Local scuba divers have been recruited to help with making the homes safe for snorkelers.

“We can’t pay you,” Schrader said, “but you can keep anything you haul up.”

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Blacktip Braces For Burr-Hamilton Duel Reenactment

Combatants will fling coconuts at each other in this year’s Blacktip Island Aaron Burr Society-sponsored recreation of the Burr-Hamilton duel.

Combatants will fling coconuts at each other in this year’s Blacktip Island Aaron Burr Society-sponsored recreation of the Burr-Hamilton duel.

American history partisans will face off today in the Caribbean island’s reenactment of the 1802 Burr-Hamilton duel between then-Vice President of the United States Aaron Burr and former Secretary of the Treasury Alexander Hamilton.

Both men had summer homes on Blacktip Island, and a number of island residents claim descent from one or the other of the men.

“After the original duel, feuding between the factions got so bad, it nearly depopulated the island,” Blacktip’s historian Smithson Altschul said. “To keep the peace, they started choosing one person from each to side fight it out.”

The duel’s loser and his supporters must lead the post-duel parade past the island’s scuba diving resorts wearing only Union Jack Speedos and fuzzy pink bunny ears, singing ‘I’m a Little Teapot.’

Island native Rocky Shore will represent the Burrists. Dermott Bottoms will represent the Hamiltonians.

“Guns are illegal, and last summer’s lionfish spear exchange got messy, so we’re using coconuts this year,” Rocky Shore said.

“Used rubber band pistols once, but that wasn’t dignified,” said Dermott Bottoms. “This’s a serious business, you know.”

“The duel’ll be up on The Bluff, on the Heights of Blacktip,” Bottoms’ second Polly Parrett said. “It’s also Blacktip Haven’s parking lot. They’ve set up grandstands and beer stalls so people can make an afternoon of it.”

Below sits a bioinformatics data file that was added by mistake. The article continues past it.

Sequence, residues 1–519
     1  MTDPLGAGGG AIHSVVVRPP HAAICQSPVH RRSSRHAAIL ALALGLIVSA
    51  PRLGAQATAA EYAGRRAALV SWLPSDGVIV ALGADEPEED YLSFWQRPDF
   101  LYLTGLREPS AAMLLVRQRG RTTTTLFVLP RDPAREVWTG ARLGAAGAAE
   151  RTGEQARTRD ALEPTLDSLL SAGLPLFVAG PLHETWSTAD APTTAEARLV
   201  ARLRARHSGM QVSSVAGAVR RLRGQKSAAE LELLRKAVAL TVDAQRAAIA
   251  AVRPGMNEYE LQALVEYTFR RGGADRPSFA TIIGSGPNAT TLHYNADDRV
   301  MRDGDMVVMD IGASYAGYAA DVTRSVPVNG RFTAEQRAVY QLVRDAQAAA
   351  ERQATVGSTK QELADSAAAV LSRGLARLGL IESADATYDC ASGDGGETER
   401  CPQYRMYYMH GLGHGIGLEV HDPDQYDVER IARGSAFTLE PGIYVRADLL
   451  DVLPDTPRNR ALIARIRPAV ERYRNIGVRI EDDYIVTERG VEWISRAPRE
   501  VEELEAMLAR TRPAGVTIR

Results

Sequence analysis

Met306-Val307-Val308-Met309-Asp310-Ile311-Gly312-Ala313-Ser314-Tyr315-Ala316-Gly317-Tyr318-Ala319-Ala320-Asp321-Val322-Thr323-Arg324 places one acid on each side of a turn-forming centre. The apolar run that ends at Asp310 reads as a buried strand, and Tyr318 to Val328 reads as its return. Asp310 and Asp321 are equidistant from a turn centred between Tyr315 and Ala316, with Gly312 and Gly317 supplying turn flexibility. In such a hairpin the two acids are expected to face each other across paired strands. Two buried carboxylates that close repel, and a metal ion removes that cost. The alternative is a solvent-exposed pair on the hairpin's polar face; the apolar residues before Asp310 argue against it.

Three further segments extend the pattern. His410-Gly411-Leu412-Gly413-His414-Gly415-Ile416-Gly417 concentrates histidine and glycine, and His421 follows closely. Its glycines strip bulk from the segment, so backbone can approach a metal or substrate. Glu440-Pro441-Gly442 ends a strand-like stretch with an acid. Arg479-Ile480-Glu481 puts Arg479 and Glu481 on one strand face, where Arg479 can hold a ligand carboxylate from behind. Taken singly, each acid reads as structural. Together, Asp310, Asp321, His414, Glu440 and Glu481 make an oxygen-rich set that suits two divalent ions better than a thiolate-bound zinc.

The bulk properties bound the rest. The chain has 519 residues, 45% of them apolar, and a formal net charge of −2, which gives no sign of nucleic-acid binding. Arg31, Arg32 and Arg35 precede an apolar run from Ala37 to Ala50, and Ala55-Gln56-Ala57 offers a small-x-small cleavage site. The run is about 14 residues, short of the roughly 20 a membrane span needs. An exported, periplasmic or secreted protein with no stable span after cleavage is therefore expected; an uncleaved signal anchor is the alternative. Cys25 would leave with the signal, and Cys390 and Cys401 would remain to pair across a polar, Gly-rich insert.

Island police have doubled their numbers for the event.

“We’re flying in an extra officer to make sure the duel is confined to the two designated combatants,” Island Police Constable Rafe Marquette said. “We won’t have another all-night, island-wide broom melee of a couple of years back.”

Both sides are confident of victory.

“Dermott’s a big guy, with a hell of an arm,” Burr supporter Gage Hoase said. “But he popped his collarbone last month. He can’t make a full follow-through. He’ll float everything high and right.”

The Hamiltonians aren’t worried.

“Rocky takes that first coconut upside the head, he won’t have a choice about wearing those ears,” Polly Parrett said. “He goes down, I’ll sit on him and put ‘em on him myself.”

“I don’t understand a bit of this,” island visitor Kitty Mitchell said. “But it sounds fun drinking beer and watching people throw coconuts at each other.”

“It’s roots are American, but at its heart it’s all Blacktip,” said island resident Sgt. Major (ret.) Beaugregory Damsil, “Drinking beer and fighting is what Blacktip folks do best.

“It breaks the monotony, as well. And I’ve several US $10 wagers on Hamilton.”